Before I embark upon an evaluation of the emergence of Second Wave feminism and consider the relationship of feminist bestsellers to feminist politics, it is worth considering the legacy of some earlier works of popular fiction and non-fiction which give some insight into an informal ‘tradition’ that later women writers draw upon. As shocking as some of the material in the feminist bestsellers was, it is apparent that they were able to follow the success of earlier women writers whose work similarly caused consternation in its time, but was devoured hungrily — especially by women readers. These books are remembered mainly for being scandalous — usually for elements of sexual explicitness in their content — but looking back, they are inevitably a commentary on their time, containing some profound insights into women’s lives. It is reasonable to assume that the act of reading these texts might have been found liberating if these books were able to confirm personal insights normally concealed or obscured in the more sedate literary publications of the time. These kinds of books were sometimes banned and were always censured for their immoral content; yet it is certain that even where they were disapproved of, they were passed between friends and perhaps more clandestinely by girls who might use these novels to try to obtain insights reserved for married women.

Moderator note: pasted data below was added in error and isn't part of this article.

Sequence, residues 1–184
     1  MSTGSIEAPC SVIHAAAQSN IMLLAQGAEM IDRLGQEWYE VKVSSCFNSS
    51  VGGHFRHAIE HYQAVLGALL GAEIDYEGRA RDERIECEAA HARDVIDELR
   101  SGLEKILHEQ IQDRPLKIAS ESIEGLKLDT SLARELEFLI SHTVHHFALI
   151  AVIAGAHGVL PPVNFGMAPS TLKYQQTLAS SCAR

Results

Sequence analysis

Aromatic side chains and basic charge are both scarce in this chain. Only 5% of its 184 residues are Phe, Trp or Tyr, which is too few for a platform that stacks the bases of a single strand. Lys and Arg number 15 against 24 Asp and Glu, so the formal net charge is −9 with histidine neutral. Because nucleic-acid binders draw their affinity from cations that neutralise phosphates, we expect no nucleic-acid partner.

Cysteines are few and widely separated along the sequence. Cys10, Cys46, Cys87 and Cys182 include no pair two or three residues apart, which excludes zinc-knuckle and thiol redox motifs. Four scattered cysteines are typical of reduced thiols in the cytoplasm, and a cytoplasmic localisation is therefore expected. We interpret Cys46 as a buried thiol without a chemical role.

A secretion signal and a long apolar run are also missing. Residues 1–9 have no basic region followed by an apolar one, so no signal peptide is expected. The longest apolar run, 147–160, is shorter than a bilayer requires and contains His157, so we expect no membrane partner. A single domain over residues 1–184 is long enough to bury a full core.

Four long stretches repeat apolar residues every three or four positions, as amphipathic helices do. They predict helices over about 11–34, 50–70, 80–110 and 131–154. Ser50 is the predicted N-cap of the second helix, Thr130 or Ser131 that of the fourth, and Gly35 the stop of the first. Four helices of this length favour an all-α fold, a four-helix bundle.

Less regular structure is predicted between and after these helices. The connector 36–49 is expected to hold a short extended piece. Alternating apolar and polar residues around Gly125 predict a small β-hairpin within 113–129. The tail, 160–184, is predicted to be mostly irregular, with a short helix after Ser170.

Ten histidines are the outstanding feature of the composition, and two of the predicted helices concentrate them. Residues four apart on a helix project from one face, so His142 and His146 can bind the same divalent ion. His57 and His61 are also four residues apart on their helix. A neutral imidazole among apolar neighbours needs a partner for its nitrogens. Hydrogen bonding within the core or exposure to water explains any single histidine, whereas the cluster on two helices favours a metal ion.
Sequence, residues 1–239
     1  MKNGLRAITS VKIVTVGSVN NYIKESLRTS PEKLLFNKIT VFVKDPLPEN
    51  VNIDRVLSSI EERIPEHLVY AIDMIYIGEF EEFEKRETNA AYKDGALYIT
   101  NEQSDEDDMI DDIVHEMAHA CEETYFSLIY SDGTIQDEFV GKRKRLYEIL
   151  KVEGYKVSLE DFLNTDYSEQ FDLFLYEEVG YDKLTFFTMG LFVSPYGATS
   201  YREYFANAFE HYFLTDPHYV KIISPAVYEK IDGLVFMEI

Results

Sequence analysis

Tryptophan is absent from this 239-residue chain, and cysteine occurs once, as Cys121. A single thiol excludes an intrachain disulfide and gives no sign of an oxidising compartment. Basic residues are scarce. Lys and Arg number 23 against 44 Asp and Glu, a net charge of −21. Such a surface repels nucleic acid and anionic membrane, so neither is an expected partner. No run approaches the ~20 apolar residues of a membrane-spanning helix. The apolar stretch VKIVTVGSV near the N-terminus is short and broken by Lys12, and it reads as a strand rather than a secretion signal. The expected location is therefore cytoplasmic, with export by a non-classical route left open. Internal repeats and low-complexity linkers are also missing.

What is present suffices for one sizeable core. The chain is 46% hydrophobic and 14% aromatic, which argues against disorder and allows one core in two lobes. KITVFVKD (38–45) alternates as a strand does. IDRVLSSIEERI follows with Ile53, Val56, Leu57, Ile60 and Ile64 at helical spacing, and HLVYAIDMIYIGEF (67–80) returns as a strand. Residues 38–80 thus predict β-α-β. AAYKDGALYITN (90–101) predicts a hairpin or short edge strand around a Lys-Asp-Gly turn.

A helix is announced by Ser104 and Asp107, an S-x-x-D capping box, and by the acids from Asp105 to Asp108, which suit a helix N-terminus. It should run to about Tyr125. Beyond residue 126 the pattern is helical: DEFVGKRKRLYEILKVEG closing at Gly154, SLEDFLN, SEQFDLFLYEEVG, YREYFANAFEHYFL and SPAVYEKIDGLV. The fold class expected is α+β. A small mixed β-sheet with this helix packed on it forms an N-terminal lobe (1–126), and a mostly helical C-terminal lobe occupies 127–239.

Swipe to navigate through the chapters of this book
Please log in to get access to this content
To get access to this content you need the following product:
- Sex and the Single Girl
- Macmillan Education UK
- Sequence number
- Chapter number